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– Twenty-First Century Crusades?
Prediction 5: The Vatican becoming involved in the political affairs of
Papal message seeks "global authority" for economy
By Philip Pullella
VATICAN CITY (Reuters) – Pope Benedict on Tuesday called for a "world
political authority" to manage the global economy and for more
government regulation of national economies to pull the world out of the
current crisis and avoid a repeat.
The pope's call for a re-think of the way the world economy is run came
in new encyclical which touched on a number of social issues but whose
main connecting thread was how the current crisis has affected both rich
and poor nations.
Called "Charity in Truth," parts of the encyclical appeared bound to
upset conservatives because of its underlying rejection of unbridled
capitalism and unregulated market forces, which he said had led to
"thoroughly destructive" abuse of the system.
The pope said every economic decision has a moral consequence and called
for "forms of redistribution" of wealth overseen by governments to help
those most affected by crises.
Benedict said "there is an urgent need of a true world political
authority" whose task would be "to manage the global economy; to revive
economies hit by the crisis; to avoid any deterioration of the present
crisis and the greater imbalances that would result."
Such an authority would have to be "regulated by law" and "would need to
be universally recognized and to be vested with the effective power to
ensure security for all, regard for justice, and respect for rights."
"Obviously it would have to have the authority to ensure compliance with
its decisions from all parties, and also with the coordinated measures
adopted in various international forums," he said.
The United Nations, economic institutions and international finance all
had to be reformed "even in the midst of a global recession," he said in
the encyclical, a booklet of 141 pages.
An encyclical is the highest form of papal writing and gives the
clearest indication to the world's 1.1 billion Catholics as well as
non-Catholics of what the pope and the Vatican think about specific
social and moral issues.
It was addressed to all Catholics as well as "all people of good will"
and was released on the eve of the start of the G8 Summit in Italy and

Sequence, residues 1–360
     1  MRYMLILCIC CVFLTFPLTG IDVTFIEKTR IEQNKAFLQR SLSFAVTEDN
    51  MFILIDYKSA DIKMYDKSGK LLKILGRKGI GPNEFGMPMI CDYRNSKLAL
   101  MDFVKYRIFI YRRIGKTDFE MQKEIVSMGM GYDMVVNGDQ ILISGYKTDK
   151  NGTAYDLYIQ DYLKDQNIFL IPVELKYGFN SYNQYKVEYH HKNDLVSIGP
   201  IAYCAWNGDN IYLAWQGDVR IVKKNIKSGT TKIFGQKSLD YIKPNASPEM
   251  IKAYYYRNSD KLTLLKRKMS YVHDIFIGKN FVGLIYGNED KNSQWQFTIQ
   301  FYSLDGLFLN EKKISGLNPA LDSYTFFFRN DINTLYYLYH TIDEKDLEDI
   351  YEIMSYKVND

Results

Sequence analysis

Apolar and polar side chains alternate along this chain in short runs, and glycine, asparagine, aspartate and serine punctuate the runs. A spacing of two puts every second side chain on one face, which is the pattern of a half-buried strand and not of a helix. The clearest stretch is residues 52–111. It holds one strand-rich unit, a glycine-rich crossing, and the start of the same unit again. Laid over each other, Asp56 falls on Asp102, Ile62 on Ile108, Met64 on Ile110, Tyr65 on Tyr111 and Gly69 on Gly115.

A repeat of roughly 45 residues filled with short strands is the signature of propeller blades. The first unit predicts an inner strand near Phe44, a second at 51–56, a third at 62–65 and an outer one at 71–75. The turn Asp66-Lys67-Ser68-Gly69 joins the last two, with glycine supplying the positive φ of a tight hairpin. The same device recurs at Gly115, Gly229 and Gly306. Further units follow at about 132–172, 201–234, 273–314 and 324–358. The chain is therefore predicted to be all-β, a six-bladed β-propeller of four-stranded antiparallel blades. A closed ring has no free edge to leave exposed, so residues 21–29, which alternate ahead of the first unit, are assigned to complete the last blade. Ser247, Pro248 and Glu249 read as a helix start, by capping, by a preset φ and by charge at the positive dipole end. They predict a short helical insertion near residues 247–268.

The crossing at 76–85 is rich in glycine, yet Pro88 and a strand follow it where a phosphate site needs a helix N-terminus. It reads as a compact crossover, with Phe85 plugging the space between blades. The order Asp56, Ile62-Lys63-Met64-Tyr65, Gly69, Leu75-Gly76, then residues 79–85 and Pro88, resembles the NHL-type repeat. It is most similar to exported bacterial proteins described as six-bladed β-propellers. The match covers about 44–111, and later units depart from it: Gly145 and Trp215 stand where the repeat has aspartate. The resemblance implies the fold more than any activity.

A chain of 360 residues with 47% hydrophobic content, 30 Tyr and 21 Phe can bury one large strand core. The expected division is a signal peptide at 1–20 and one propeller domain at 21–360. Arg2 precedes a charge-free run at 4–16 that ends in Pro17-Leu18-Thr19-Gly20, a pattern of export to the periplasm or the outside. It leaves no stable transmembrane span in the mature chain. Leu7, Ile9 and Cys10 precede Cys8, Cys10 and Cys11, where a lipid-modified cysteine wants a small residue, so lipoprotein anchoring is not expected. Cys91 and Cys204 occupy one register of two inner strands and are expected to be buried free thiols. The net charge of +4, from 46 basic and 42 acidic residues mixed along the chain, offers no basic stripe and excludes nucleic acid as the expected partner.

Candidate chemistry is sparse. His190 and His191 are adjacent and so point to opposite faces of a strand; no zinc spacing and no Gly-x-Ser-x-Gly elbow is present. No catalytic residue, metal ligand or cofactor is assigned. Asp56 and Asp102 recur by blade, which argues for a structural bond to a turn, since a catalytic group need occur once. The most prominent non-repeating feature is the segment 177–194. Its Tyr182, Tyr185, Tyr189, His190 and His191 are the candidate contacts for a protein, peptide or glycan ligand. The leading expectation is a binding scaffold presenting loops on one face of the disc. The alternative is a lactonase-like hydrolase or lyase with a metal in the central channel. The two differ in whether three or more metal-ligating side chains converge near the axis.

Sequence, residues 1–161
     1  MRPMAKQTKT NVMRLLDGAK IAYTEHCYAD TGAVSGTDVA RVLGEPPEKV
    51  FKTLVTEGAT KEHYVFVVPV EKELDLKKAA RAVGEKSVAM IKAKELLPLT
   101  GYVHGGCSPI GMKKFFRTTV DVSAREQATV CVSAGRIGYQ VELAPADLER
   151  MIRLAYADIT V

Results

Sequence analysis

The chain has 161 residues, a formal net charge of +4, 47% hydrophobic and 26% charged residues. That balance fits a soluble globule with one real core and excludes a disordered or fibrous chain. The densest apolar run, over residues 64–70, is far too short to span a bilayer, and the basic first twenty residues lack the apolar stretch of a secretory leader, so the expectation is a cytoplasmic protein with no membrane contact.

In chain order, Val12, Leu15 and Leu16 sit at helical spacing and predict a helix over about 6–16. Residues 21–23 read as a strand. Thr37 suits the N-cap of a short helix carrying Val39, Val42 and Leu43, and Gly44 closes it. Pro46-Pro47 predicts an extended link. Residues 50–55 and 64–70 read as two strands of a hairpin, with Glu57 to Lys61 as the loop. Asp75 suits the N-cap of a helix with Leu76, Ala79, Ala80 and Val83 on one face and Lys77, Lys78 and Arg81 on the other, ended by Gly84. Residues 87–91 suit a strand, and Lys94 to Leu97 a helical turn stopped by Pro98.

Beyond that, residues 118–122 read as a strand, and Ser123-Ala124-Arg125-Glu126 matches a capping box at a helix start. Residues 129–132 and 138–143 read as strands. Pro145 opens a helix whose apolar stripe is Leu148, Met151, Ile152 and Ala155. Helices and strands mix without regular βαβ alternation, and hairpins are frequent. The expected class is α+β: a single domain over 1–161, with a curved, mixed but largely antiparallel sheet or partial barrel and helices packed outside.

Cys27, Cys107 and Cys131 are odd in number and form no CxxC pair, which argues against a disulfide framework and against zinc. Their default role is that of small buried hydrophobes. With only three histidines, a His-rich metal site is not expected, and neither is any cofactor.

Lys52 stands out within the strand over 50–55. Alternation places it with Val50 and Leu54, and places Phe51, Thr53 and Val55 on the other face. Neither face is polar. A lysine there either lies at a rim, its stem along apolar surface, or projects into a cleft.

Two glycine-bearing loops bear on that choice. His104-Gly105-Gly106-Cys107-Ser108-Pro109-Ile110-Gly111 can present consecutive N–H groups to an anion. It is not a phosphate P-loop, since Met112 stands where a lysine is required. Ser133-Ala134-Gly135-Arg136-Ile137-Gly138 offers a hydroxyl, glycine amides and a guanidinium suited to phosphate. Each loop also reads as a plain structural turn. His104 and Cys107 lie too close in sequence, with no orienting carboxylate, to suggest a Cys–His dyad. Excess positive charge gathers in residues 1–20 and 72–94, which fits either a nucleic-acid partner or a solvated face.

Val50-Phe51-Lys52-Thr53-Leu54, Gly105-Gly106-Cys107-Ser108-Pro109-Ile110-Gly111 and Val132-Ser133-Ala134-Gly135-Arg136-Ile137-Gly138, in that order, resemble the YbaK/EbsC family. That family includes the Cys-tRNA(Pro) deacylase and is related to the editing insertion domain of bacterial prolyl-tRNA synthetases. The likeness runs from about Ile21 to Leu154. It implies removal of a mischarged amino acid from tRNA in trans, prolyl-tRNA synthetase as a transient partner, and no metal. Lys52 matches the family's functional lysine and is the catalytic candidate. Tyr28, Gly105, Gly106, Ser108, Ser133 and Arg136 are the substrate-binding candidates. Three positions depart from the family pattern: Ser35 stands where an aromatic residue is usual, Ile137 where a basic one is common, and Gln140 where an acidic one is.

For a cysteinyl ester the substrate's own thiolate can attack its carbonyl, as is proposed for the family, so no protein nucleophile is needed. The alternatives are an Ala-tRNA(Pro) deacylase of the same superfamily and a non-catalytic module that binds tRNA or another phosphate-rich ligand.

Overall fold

three days before the pope is due to discuss the global downturn with
U.S. President Barack Obama.
In several sections of the encyclical, Benedict made it clear he had
great reservations about a totally free market.
"The conviction that the economy must be autonomous, that it must be
shielded from 'influences' of a moral character, has led man to abuse
the economic process in a thoroughly destructive way," he said.
"In the long term, these convictions have led to economic, social and
political systems that trample upon personal and social freedom, and are
therefore unable to deliver the justice that they promise," he added.
Profit was useful only if it served as a means to a brighter future for
"Once profit becomes the exclusive goal, if it is produced by improper
means and without the risks destroying wealth and creating poverty," he
He said the current economic crisis was "clear proof" of what he branded
as "pernicious effects of sin" in the economy.
"The economy needs ethics in order to function correctly -- not any
ethics whatsoever, but an ethics which is people-centered," he said.
"Financiers must rediscover the genuinely ethical foundation of their
activity ... right intention, transparency, and the search for positive
results are mutually compatible and must never be detached from one
another," he said.
The pope appeared to back government intervention "in correcting errors
and malfunctions" in the economy, saying "one could foresee an increase
in the new forms of political participation, nationally and
"Today's international economic scene, marked by grave deviations and
failures, requires a profoundly new way of understanding business
enterprise," he said.
In other sections of the encyclical, his first on social issues since
his 2005 election, he addressed topics such as development, migration,
union rights, terrorism, sexual tourism, population issues, the
environment, bioethics, and energy.
The encyclical's release was delayed by nearly a year so the pope could
address aspects of the current economic crisis.